Nuer

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Nuer

(no͞o`ər, no͝or), a Nilotic people living around Lake No in South Sudan. Their economy and social life generally revolve around cattle, which are grazed on the plains during the dry season and in the hills during the wet season. During the dry season, the Nuer also fish, hunt, and gather wild plant foods. At their initiation, boys receive six horizontal cuts in the forehead and are given cattle; thereafter they belong to an age gradeage grade and age set,
differentiation of social role based on age, commonly found in small-scale societies of North America and East Africa.
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, with whom they will advance into various positions within the clan over the period of their lives. Descent is patrilineal, and when a man marries he receives more cattle from his father (see marriagemarriage,
socially sanctioned union that reproduces the family. In all societies the choice of partners is generally guided by rules of exogamy (the obligation to marry outside a group); some societies also have rules of endogamy (the obligation to marry within a group).
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 and kinshipkinship,
relationship by blood (consanguinity) or marriage (affinity) between persons; also, in anthropology and sociology, a system of rules, based on such relationships, governing descent, inheritance, marriage, extramarital sexual relations, and sometimes residence.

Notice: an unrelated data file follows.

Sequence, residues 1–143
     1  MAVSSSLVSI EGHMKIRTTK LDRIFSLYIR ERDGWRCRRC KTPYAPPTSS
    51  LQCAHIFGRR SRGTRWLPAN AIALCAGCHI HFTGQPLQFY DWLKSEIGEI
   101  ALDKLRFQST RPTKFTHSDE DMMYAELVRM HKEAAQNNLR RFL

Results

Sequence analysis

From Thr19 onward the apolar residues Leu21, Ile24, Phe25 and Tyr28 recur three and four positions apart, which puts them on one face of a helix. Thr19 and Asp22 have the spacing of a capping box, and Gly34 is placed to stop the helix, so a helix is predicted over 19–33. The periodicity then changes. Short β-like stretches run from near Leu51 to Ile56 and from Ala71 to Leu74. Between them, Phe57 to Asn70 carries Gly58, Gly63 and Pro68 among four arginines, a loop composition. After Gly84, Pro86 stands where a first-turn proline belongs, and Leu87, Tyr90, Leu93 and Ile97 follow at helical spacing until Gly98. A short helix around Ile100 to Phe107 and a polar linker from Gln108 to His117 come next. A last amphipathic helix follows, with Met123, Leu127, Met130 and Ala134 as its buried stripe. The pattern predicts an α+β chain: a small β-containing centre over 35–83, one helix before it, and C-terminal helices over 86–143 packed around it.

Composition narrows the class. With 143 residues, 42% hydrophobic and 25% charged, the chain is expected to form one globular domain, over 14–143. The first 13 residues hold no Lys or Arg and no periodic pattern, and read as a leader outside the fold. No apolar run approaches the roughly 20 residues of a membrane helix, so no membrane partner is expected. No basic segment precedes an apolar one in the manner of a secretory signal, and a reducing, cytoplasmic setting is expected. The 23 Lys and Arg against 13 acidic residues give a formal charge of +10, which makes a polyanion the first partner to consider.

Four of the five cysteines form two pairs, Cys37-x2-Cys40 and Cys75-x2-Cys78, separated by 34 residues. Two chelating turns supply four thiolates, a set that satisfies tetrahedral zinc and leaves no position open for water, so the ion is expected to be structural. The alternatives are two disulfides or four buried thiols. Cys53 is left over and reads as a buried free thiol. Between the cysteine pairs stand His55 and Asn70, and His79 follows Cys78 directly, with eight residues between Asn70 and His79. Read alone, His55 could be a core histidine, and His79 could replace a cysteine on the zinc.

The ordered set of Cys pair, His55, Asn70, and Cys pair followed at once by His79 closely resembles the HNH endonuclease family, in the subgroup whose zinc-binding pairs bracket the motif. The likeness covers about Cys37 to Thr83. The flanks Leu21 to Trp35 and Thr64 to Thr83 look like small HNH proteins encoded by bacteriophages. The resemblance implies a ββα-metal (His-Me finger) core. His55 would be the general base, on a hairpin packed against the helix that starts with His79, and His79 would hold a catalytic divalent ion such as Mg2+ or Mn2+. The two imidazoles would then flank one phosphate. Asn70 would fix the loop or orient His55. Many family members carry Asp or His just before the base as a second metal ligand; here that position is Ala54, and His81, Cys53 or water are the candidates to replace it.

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). There is no centralized political authority, but rather a number of autonomous village communities. Spiritual leaders, known as leopard skin chiefs, are employed in the mediation of disputes. E. E. Evans-PritchardEvans-Pritchard, Edward Evan,
1902–73, English social anthropologist. He made several expeditions to Africa. His major contributions lie in the fields of social anthropology and comparative religion.
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's ethnography (1940) is the standard work on the Nuer.

Nuer

 

(self-designation, Tog Naat), a people living in the region of the lower course of the Sobat River and to the southwest of the river, in the southern part of Sudan, and also in the border regions of Ethiopia. Population, about 700,000 (1970, estimate). The Nuer language is Nilotic. Feudal-patriarchal relations and tribal-clan religious cults have survived among the Nuer. The basic social unit is the large patriarchal family. The Nuer engage in distant-pasture livestock raising (cattle) and hoe farming (millet, corn, garden crops, and tobacco); a small number of Nuer work in enterprises of the lumber industry and on state plantations.


Nuer

 

the language of the Nuer. It is spoken in southern Sudan and extreme western Ethiopia, where it is called Abbigar. Nuer is spoken by about 700,000 persons (1970, estimate). Nuer belongs to the Nilotic language group. There are two dialect groups, Nuer proper and Atwot. Phonetic features include pharyngealized vowels and a system of three tones.

Nuer is an inflected language. The means of expressing grammatical meanings include internal consonantal, vocalic, and tonal inflection of the stem, prefixation, and to a lesser degree, postfixation. There are two main cases, nominative and genitive. Accusative and locative meanings are sometimes expressed formally. The word order is verb-subject-object, with postpositive attributive. Possession is expressed by combination of the construct form of the possessed with the genitive of the possessor. Nuer is a written language and is used to a limited extent as a language of the school and administration.

REFERENCES

Crazzolara, J. P. Outlines of a Nuer Grammar. Vienna, 1933.
Kiggen, J. Nuer-English Dictionary. Mill Hill, 1948.